- Sweet potatoes: Roan bigger response compared to white potatoes / Matt less of a response compared to white potatoes.
- Quinoa: Roan big response / Matt – no response.
Like we have always suspected stress has a powerful effect on blood sugar.
A great example is that a client had a simple breakfast of salmon and avocado on the weekend which had a minimal effect on blood sugar. The same client then repeated the breakfast the next day but after a hectic journey into work, the resulting blood sugars showed a marked spike despite being the same meal.
Another interesting side note on stress is what happened to blood sugar whilst training.
Roan – Minimal elevation in blood sugar doing strength training, however when Roan played rugby the blood sugars shot up to his highest readings, this is likely due to the extra adrenalin produced in live matches.
Matt – had big spikes in blood sugar when training, although the type of training was more hypertrophy based which meant going to failure and having incomplete recoveries.
Dips in blood sugar correlate to poor sleep and foggy headiness in the morning. When first monitoring blood glucose Roan noticed that he experienced several big drops in blood sugar during the night. Although Roan did not wake it still suggests that sleep would not have been as deep and restorative as it could be. Subsequently Roan has added a small dose of slow release carbohydrate pre bed and has noticed a much steadier blood sugar level throughout the night and thus more restful sleep.
Similar patterns have been observed with some clients, who have since improved their sleep with some additional carbohydrate at night.
By gathering some objective data on how our bodies responded to different foods further highlighted just how individual we all are in relation to diet. With this in mind it is important to get as ’in tune’ as possible with how you feel and function after different meals. For example if eating sweet potatoes make you feel very sluggish and foggy headed then it’s probably a good idea to find an alternative carbohydrate source say butternut squash.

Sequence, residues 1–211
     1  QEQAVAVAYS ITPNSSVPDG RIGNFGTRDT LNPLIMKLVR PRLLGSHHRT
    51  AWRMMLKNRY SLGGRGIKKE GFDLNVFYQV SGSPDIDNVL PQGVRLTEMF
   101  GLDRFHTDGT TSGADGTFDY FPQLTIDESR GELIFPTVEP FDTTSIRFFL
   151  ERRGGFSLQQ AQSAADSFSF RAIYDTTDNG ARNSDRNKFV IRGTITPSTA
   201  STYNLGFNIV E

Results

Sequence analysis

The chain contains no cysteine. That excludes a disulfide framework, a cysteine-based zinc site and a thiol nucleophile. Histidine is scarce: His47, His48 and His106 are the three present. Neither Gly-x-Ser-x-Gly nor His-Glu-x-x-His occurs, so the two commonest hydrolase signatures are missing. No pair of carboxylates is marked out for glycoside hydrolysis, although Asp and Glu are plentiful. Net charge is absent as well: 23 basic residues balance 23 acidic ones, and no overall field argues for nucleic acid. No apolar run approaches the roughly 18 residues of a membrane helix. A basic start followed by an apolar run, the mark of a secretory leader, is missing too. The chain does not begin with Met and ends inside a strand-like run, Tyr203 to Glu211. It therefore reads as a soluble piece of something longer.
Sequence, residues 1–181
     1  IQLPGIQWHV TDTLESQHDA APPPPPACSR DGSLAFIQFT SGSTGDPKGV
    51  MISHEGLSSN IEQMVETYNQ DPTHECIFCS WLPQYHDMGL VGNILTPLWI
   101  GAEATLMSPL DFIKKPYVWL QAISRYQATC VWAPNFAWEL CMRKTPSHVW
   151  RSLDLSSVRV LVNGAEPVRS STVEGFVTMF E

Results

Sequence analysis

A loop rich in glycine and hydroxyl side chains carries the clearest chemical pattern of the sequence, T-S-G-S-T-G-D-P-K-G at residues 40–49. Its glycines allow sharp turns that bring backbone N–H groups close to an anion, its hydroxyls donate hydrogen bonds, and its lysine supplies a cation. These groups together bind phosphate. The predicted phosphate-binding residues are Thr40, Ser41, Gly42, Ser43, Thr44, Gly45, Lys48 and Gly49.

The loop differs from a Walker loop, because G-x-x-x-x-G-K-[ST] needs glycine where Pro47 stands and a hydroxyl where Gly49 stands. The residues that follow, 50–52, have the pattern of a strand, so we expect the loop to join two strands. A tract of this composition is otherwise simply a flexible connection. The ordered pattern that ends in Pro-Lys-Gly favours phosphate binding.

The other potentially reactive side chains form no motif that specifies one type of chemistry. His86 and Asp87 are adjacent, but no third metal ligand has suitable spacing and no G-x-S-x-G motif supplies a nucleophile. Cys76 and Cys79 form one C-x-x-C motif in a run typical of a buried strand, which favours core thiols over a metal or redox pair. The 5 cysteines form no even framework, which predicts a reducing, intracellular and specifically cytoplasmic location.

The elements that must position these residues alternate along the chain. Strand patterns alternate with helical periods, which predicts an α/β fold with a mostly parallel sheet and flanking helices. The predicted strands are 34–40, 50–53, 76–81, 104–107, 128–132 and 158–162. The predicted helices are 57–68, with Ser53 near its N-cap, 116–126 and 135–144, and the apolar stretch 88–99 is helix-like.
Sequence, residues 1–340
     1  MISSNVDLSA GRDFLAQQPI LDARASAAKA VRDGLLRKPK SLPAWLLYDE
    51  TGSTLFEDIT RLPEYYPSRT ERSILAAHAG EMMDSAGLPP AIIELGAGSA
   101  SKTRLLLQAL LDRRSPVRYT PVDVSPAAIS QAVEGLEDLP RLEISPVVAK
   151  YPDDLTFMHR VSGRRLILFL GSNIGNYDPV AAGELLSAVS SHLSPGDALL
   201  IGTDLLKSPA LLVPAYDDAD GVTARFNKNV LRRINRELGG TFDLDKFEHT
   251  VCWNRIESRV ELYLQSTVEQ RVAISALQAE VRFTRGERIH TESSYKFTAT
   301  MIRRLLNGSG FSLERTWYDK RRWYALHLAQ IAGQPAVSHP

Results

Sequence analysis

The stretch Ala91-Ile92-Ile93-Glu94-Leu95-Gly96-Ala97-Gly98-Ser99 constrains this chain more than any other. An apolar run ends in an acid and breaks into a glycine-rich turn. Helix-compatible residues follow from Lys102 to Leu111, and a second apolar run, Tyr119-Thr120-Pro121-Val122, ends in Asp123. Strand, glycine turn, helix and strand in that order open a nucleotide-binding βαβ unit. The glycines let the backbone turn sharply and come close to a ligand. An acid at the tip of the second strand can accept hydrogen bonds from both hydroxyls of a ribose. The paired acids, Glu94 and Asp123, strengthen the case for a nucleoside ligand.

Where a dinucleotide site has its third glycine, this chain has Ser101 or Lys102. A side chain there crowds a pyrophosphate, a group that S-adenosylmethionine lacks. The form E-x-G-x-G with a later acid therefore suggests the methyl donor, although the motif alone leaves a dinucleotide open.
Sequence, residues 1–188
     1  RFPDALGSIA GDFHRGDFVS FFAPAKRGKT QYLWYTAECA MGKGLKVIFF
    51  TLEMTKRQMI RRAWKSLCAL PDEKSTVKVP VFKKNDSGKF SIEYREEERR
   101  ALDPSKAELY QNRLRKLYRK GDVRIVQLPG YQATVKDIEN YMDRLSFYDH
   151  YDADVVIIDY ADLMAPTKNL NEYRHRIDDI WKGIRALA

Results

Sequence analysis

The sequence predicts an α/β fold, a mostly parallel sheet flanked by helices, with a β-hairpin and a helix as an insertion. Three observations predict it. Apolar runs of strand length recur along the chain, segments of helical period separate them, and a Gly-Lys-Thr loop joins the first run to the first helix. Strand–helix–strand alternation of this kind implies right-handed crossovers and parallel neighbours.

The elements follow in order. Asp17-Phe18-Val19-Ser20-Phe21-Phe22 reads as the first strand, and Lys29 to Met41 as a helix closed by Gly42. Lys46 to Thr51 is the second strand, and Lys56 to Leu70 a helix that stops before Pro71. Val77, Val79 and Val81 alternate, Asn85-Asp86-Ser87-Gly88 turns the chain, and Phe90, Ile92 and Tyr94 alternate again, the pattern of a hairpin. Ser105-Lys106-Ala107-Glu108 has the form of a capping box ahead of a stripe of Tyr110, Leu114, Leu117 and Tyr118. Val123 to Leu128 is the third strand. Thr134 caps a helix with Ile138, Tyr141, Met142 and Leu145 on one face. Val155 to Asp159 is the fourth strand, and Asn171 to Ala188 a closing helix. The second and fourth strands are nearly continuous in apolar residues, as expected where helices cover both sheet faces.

The above experiment also highlighted just how powerful stress is when it comes to blood sugar. This further highlighted the need to eat in as stress free environment as possible and to make the time to eat properly. A good start it to follow the 5 10 15 rule when eating:
Before eating a meal:
- 5 – take 5 deep belly breaths (helps switch on your parasympathetic nervous system).
- 10 – for every mouthful put down your knife and fork for 10 secs (helps prevent bloating).
- 15 – take a minimum of 15 minutes to eat your meal (give your body a chance to digest).
Finally keeping your blood sugars stable at night is really important if you want to optimise sleep. If you have been on a low carbohydrate diet try experimenting with a small portion of slow release carbohydrate such as oats pre bed. See if you notice feeling any different the following morning.
Finally, utilising tools such as the ‘freestyle libre’ blood glucose monitor helps us develop a greater understanding of how our bodies respond to our lifestyle. This information can only help us become more in tune with our bodies and subsequently better manage our diet and lifestyle.